The Rohingya though, are not fashionable, not yet. They have no voice, no power. Right now Bangladesh, the neighboring country and a Muslim state to boot, is turning them away guiltless. Makes me sick. Turkey and Saudi Arabia have been throwing money at the problem, offering no permanent solutions. Sri Lanka, as a Buddhist nation, faced with a fellow Buddhist country committing atrocities under a false guise of Buddhism has said nothing. Everywhere mum’s the word. The UN isn’t even in the picture. And the Rohingya are caught increasingly between a rock and a hard place both of which are closing in for the crush.
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9 comments
    • Whacko said:

      Thanks! still not exactly a twiitterstorm. And nothing short of a storm seems to get attention

    • Whacko said:

      Thanks! will read 🙂

  1. Ruvi said:

    In comparison to the Rohingya, the Sri Lankan Muslims have it good – infact, very good. People shouldn’t take things for granted – you only realize what you have until its gone.

    • Whacko said:

      Are you serious?

  2. Ruvi said:

    Am pretty serious. Sri Lankan Muslims (and Sri Lankans in general) tend to take things for granted. It’s just surprising you have had nothing to say about all the Muslim-on-Muslim violence that takes place daily. Or the attacks on Christians in Nigeria and the slaughter of Buddhists in Southern Thailand that have been carried out by Muslim groups. Where’s the condemnation? Shias are killed every other day in Pakistan…. what about their plight? The are not “fasionable”?

    • Whacko said:

      I’m sure they are. But this particular post is about the Rohingya. Also are you aware that you sound distinctly racist? You seem to think Muslims are second class citizens of Sri Lanka. And so should be ‘grateful’ for rights that should have been given us anyway. I’m not saying that we don’t have it good here. Muslims are well aware of the respected position we hold in the country, and we love Sri Lanka more for it. But attitudes like yours, if widespread, can maybe cause more communal violence.

  3. Ruvi said:

    Well, no I don’t think I’m racist. A “Muslim” is a follower of Islam; it is not a race. And I do think that, in general, Sri Lankan Muslims take the rights (and privileges) they enjoy in Sri Lanka for granted. I’ve heard some Sri Lankan Muslim commentators say the same thing so I don’t think I am the only one who has such views. To be honest, I don’t think there is any Muslim majority country that provides the same religious freedom to its minorities than does Sri Lanka to its Muslim minority.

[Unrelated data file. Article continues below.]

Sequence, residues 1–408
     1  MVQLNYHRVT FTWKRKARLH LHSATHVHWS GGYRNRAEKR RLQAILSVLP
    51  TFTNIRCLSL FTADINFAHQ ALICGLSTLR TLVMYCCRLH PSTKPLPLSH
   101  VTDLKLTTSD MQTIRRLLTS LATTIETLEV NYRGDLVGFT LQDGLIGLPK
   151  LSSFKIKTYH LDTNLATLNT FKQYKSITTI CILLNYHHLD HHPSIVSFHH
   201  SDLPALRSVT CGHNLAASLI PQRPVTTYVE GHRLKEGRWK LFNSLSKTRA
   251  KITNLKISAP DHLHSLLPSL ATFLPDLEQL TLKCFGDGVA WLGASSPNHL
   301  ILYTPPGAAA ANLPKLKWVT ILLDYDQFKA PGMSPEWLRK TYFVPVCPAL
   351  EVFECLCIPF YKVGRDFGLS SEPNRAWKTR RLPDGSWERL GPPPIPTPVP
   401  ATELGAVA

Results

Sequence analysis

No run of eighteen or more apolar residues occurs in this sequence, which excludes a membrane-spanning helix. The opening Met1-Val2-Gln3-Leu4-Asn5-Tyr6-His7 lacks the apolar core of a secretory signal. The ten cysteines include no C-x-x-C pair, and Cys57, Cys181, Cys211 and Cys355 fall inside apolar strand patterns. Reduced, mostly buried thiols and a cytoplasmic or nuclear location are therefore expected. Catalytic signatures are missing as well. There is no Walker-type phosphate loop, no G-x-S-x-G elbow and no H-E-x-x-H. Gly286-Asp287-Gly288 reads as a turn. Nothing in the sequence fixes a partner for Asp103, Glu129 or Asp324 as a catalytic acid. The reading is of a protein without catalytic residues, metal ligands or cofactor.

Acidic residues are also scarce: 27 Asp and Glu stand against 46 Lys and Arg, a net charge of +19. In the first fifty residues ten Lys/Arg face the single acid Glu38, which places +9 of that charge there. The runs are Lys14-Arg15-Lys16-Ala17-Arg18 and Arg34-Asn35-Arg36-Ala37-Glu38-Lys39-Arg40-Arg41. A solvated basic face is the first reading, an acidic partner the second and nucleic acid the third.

Also, the question must be asked: why have you been so silent on all the Muslim-on-Muslim violence that is tearing apart the Muslim world? Is it okay when Muslims are killing Muslims? Far more Muslims have have been killed in Pakistan (mainly Shias and Ahmaddiyas at the hands of the Sunnis) in comparison to the 400-600 Muslims in Burma – and we are only talking about one Muslim country here. I guess many people are questioning this selective outrage. You seem to want Sri Lanka which is a majority Buddhist country to “say something”, but why should Sri Lanka do so? When has any Muslim country spoken out against the violence/discrimination metered out to religious minorities in the Muslim world “under a false guise of Islam”? Have Sri Lankan Muslims or their representatives spoken out for the religious rights of religious minorities in Muslim countries?

    Have a look at the following article: http://www.guardian.co.uk/world/2012/aug/19/pakistan-christian-tensions-quran-burning-allegations

    Where are Muslims who are condemning this?